Two years ago, I got back into film photography while I was laid off over a summer. I had found some expired film in various places at home. With nothing better to do between filling out job applications and going on interviews that led nowhere, I decided to put this treasure to good use. I dug out my parents old trusty Nikon FM that I learned to shoot on about 20 years prior and had some fun with it.
Fast forward to the end of summer and my job search still fruitless, the Department of Job and Family Services said that I was eligible to go back to school. I re-enrolled in at Cleveland State University and decided to finish my degree. All I had left was two general education requirement classes, but I needed to be considered a full-time student to get off unemployment. I decided to take Foundations of Black and White Photography which would give me enough credits to finish and would let me learn print making. I started to look for a secondary/backup camera on eBay, though I trust this old metal box of magic, I do not trust the cheap SLR cameras that the department loans out. While on eBay I find a Nikon N60 in unknown condition, but probably working for the low, low price of $8.00 plus shipping. I figure if it does not work I can pair it with a lens that isn’t worth repairing and add it to my collection of cameras, if it does work, I just got a steal.
When I get the N60 in the mail just a couple of days later I found a roll of Kodak UltraMax 400 that expired 10 years earlier that the seller threw in with the camera. Since I wanted to test the camera to make sure at least the basics worked I loaded the UltraMax in and heard the film advance when I turned the camera on. I went on to test everything else with the camera systematically, deciding not to waste the film shot the roll. When I finished, not wanting to spend $14 to develop it, I put it in the fridge.
In December, after getting that ever so valuable piece of paper declaring me a certified college graduate, it is now winter break and I have a few weeks off from my student job before starting my second degree in the spring. I decided to play around with some homemade developers. I dove in and made a batch of Rodinal, or what should probably be called Parodinal because I used the recipe based on Tylenol. After waiting for the acetaminophen to be converted into para 4-aminopehnol, I needed to test out the developer. Not wanting to potentially ruin a roll of Tri-X that had something I cared about on it, I pulled out the expired UltraMax from the back of the fridge.
Rodinal and C-41 Film
Rodinal is one of the oldest film developers around. It was the first product sold by Agfa in the late 1890s. It has gone by many names over the years. Rodinal is known for its ability for its edge sharpness when used with high dilutions (1+100 or even higher) with stand development. Rodinal is also known for being a high acutance developer. Rodinal is also one of the developers that is easy to make at home.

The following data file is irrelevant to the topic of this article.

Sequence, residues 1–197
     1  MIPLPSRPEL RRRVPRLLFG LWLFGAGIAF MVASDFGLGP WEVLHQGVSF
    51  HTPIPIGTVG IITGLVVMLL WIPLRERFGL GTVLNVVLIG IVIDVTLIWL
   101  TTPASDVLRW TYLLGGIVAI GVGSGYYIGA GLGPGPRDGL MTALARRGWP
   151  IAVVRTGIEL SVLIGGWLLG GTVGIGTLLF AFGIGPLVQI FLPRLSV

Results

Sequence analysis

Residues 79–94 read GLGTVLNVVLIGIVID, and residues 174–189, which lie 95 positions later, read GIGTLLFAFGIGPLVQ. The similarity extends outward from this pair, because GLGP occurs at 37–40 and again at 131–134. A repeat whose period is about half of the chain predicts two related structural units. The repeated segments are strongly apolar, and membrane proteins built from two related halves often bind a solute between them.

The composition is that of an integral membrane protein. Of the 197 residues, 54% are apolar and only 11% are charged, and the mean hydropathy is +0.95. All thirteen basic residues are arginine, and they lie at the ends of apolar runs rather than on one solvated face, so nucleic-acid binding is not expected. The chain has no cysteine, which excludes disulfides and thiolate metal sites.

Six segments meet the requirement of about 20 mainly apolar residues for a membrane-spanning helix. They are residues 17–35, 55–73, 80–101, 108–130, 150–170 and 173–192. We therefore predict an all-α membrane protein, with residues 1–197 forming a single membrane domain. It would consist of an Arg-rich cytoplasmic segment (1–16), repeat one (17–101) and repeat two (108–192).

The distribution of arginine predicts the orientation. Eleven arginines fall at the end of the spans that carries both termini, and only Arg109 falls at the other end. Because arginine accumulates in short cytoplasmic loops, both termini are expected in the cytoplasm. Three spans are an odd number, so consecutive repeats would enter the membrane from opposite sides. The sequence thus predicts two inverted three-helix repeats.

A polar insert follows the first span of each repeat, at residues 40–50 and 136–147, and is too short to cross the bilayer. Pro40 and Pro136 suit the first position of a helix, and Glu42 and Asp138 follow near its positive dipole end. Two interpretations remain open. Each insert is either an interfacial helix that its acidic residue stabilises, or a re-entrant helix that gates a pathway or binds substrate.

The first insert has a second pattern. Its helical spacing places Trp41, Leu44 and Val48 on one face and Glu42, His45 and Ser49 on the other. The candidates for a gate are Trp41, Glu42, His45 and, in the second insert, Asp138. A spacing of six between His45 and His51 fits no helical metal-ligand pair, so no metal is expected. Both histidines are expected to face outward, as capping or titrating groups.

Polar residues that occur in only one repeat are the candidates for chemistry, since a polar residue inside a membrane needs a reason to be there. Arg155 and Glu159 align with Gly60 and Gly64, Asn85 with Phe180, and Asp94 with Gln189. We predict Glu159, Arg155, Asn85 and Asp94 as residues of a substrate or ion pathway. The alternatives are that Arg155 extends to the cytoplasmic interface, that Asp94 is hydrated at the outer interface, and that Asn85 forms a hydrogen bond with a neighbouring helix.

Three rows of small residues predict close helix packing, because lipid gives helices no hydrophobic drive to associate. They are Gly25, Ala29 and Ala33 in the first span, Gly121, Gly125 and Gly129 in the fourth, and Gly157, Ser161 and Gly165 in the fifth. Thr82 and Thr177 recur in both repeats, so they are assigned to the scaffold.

Something that a lot of people don’t know about Rodinal is that it is a weak color developer. When you cross process C-41 in Rodinal you end up with eerie pictures where the entire photo is tinted anywhere from a light pinkish-brown to deep purples. Within the photos, you will also find hints of color in areas that were extremely saturated when the photo was taken, adding a unique element that is very hard to reproduce in digital.
There are images like the couple I took of a bottle of Tabasco Sauce that someone had left sitting on a bench at Cleveland State University where you can see hints of the green of the label and the band on the neck of the bottle, and the red of the hot sauce in the bottle.
But sometimes, weird things happen to the color, like this image of a Mr. Bill plush chew toy (I found him on clearance at Target and got him to use during safety lectures in film and television production classes) from Saturday Night Live. His shirt is, bright red and his pants are blue. But in the photo that was processed in Rodinal his shirt became blue and his pants became a black with hints of blue.
|Camera||Nikon N60 with 28-80mm Lens|
|Lens||Nikon AF Nikkor28-80mm 1:3.5-5.6D|
|Film||Expired Kodak UltraMax 400 135-24|
|Temperature||68 ºF (20 ºC)|
|Fixer||Ilford Rapid Fixer|
These photos were taken on Kodak UltraMax 400 that had expired 10 years earlier and had been stored in unknown conditions. The photos were shot on a Nikon N60 with a 28-80mm f3.3-5.6 lens. I developed the roll of film in Parodinal (I will post my recipes in a Photographer’s Cookbook section that I am working on) using the stand method. I agitated for the first 0:30 seconds and for 0:10, over the course of 60:00 minutes of developing. Using a water stop bath before fixing with Ilford Rapid Fixer. Rinsing the film using the Ilford Wash method.
The one thing that I don’t know about is how stable the color in the images is over time. I am pretty certain that the silver image on the film should be stable as it is based on black and white chemistry, and since I have made sure to give an adequate rinse to remove all developer and fixer left on the film. However, since the color dyes are produced by a developer that is not intended for color development and by since this method skips the stabilizer step, the stability of the color portion of the image is uncertain. Over time I will report back on how stable the images have been.